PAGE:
It’s about taking basically calculated risks, right? Even if you are looking into creating a safety in a you know, in a path that seems like wild and and extraordinary and just something totally out of the norm.

It’s asking yourself, “Okay, how can I do this?”, in a really experimental way and you know, taking calculated risks, so, I think that’s what it  means.

Tomer:
It doesn’t mean immediately, so if you want to change something, it doesn’t mean immediately that you have to go one eighty and drop everything that you know, ah for another life or for another reality just to continue in the terms where we were talking about, but you can change it bit by bit as well and like Anastasia was saying it’s really about taking the first ah steps and proving to yourself that you can make progress in that direction of the life that you really want to have.

Debbie:
Yeah, I think that’s such a great point because if you’re more of a person who is very analytical, it’s harder for you to to go into the other side, right? In the dark side, because then you you think about so many things, how things are going to go, all the different parts of it and then if you’re the you know the idea person or you’re the dreamer you just jump into it without thinking, most of the time and obviously there’s risks involved in that if you’re the realist, it’s the risk of never doing anything and never trying anything because you’re always thinking about it but never actually taking action, and if you’re a dreamer and you just keep doing, sometimes there’s really no rhyme or reason for anything.

And it takes so long. But I do have to say like one of the things that I do admire about the dreamers is that at least they take action. Um, it’s a lot of mistakes, but at least are doing something and the things that I admire about the realist is that they’re so calculating with the things that like they think about and everything and I’m like, it’s good to have a balance.

Anastasia:
Um, yeah, definitely I think this is something maybe one of the um ah benefits also coming from let’s say ah or corporates career and I used to work as a go-to Marketing Strategist, you know releasing new products to the market and health technology and I was surrounded by scientists a lot.

So, my you know dreamer and kind of let’s do this mentality was hitting them, you know, the very calculated scientists that wanted to do things like very much, hypothesis-based and I think that’s something that we also then took on a little bit in a very, you know, in the most positive way into our, how we do our own business but also how we do business ,you know, with clients because speaking to you know what we were just talking about like, you know, combining the doer mentality with actually taking some calculated steps and doing things in reason, you know, it’s a lot about just experimentation in a structured way and just learning from what works. Um, and improving on that.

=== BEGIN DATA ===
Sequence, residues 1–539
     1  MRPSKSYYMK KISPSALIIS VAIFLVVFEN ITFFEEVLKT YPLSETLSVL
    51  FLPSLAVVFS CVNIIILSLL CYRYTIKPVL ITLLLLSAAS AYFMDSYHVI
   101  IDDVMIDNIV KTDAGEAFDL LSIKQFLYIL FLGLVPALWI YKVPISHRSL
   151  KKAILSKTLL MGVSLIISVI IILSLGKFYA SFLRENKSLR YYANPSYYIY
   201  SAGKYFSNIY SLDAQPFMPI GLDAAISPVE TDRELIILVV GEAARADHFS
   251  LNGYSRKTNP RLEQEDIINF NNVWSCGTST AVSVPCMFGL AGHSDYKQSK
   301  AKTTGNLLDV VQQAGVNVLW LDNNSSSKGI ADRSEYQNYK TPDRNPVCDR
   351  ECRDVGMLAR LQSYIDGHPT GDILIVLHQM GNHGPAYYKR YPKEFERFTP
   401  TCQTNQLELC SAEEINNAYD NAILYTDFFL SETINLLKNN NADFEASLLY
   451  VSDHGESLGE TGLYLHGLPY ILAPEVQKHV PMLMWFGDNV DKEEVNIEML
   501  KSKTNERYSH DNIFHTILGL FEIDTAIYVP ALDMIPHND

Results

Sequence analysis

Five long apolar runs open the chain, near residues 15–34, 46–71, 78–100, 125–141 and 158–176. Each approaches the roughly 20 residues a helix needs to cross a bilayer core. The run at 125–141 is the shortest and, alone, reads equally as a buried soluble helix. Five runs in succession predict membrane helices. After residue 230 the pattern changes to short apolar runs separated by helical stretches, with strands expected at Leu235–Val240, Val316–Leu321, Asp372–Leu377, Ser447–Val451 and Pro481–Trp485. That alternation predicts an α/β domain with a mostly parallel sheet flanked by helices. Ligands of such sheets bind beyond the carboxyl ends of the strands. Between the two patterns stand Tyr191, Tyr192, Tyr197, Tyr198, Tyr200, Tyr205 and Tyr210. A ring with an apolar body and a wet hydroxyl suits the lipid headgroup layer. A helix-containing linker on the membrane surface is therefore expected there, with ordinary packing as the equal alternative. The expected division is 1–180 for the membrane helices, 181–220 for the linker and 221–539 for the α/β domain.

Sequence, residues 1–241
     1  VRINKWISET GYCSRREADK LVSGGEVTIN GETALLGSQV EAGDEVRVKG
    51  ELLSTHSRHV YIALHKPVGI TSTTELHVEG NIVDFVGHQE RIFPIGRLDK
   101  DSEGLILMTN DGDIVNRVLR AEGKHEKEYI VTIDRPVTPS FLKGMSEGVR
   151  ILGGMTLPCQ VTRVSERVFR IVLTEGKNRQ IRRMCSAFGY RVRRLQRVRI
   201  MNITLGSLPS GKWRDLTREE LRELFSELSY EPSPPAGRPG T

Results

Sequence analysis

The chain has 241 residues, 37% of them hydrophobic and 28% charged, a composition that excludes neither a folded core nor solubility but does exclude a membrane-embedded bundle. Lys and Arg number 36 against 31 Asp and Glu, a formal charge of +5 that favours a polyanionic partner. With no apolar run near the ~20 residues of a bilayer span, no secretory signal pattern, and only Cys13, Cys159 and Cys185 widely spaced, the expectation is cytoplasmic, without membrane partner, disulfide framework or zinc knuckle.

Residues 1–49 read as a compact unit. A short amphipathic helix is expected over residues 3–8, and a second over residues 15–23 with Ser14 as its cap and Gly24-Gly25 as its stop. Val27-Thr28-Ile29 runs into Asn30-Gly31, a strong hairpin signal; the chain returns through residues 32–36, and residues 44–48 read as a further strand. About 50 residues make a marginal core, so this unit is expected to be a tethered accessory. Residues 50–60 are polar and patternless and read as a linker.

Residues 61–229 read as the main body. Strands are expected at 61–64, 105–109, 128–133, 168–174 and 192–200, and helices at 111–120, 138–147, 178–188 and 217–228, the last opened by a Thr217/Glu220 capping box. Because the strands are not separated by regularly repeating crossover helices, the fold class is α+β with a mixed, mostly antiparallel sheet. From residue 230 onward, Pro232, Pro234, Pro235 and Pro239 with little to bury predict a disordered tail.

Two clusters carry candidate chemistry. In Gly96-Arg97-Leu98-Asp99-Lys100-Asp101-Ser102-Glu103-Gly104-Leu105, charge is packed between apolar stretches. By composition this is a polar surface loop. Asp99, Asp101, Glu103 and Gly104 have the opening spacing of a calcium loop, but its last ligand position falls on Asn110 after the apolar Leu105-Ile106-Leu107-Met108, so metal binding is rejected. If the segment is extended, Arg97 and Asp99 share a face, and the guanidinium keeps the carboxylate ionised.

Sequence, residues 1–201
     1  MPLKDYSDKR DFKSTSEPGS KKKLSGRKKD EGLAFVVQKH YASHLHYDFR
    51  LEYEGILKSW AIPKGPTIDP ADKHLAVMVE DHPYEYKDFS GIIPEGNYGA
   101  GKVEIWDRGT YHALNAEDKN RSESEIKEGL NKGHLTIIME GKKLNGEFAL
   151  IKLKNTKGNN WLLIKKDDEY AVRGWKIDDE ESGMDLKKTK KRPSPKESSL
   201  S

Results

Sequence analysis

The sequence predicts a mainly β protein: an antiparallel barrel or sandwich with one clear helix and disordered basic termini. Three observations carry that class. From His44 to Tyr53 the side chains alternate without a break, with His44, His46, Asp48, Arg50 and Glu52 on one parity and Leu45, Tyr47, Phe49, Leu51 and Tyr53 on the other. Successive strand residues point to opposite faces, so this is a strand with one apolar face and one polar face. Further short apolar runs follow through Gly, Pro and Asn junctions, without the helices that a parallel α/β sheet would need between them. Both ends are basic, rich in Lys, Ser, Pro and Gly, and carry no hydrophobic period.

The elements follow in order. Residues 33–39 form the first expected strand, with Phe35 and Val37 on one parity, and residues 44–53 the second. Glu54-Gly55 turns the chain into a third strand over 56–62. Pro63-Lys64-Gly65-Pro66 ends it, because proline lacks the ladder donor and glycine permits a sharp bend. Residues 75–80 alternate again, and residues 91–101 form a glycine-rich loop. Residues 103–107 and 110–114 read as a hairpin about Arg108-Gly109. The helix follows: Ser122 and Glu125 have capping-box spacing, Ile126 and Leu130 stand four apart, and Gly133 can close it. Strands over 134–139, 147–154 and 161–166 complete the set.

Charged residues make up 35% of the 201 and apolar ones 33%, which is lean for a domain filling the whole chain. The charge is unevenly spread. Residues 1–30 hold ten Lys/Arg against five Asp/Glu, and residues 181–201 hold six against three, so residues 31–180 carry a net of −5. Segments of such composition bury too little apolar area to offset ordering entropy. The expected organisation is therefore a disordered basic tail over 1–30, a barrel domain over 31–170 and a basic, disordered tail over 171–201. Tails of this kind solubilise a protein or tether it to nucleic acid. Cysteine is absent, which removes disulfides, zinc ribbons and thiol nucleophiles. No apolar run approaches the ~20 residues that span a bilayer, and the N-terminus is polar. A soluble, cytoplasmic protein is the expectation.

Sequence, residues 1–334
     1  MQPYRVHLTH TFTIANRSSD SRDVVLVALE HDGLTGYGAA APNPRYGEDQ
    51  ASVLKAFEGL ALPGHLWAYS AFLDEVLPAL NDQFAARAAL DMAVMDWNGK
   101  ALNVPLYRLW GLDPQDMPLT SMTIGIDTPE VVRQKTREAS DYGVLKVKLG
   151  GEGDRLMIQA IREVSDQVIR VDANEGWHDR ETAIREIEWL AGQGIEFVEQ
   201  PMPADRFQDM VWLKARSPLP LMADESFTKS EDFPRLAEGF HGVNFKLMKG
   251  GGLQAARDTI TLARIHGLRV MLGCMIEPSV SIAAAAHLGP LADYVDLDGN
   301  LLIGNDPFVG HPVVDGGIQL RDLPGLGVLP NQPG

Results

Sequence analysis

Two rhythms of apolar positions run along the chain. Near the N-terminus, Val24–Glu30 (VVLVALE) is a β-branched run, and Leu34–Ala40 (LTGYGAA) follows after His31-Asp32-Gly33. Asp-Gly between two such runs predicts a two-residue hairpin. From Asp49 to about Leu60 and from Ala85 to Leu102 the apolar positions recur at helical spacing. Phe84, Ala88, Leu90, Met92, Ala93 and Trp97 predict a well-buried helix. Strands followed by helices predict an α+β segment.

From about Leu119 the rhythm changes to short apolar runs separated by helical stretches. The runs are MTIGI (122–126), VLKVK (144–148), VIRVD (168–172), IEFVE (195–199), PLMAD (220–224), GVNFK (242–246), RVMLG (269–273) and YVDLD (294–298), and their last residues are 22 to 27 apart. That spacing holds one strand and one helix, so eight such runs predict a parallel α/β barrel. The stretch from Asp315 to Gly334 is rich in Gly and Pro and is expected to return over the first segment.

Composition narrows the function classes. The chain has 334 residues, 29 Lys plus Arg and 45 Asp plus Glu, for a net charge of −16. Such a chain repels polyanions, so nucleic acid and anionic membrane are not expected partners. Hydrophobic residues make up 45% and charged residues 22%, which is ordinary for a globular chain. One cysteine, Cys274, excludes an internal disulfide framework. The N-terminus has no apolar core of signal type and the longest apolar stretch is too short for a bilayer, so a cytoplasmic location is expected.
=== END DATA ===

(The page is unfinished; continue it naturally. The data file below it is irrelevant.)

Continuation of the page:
So basically not seeing that you either hit or miss. But that it’s actually a journey and as long as you keep on walking on that journey and try to figure it out and continue you will get there eventually.

Tomer:
And also just to add on that because taking those steps and doing these kind of experiments which don’t have to be huge, again like you don’t have to just drop everything, but taking the first steps means that you start gaining confidence about moving to, yeah the the life that you want if you want to start your own online business so that you can work from anywhere just as an example is that what the main thing that comes into my mind right now.

Um it doesn’t have to be like immediately quit your job. Ah, you know, I don’t know, buy a domain, start a website, do all kinds of subscriptions to things or whatever. It doesn’t have to be all that at once but it can be just taking the first step and then the second step and then the third step and through doing that you will start getting confidence about your idea and that will make it also more real. Um, yeah, so I think that’s really like a very important piece, yeah piece of advice that I would like to give.

Debbie:
Yeah, and and also for for people who are really afraid or maybe you have more responsibilities in your life, um, one of the things that you can definitely do is, while you’re still in your full time job, um, like you mentioned Tomer, just start something while you’re doing that, right? Um take the time maybe during the weekend or after work. It doesn’t have to be a lot of time. Um, but just put you know, put your finger in it and then see what happens, pivot and at least you’re not taking away, um, your whole income and just putting everything on the line and on the risk and then you can see from there whether it’s what you want to do and you can always pivot and do do other things but I love that idea of just doing things a little bit at a time because you’re doing a best of both your, you’re trying something but you’re also being cautious about it. Um, and and that’s another thing too and you you talked about this a little bit, Tomer, as like being optimistic or being pessimistic and nothing in life is perfect.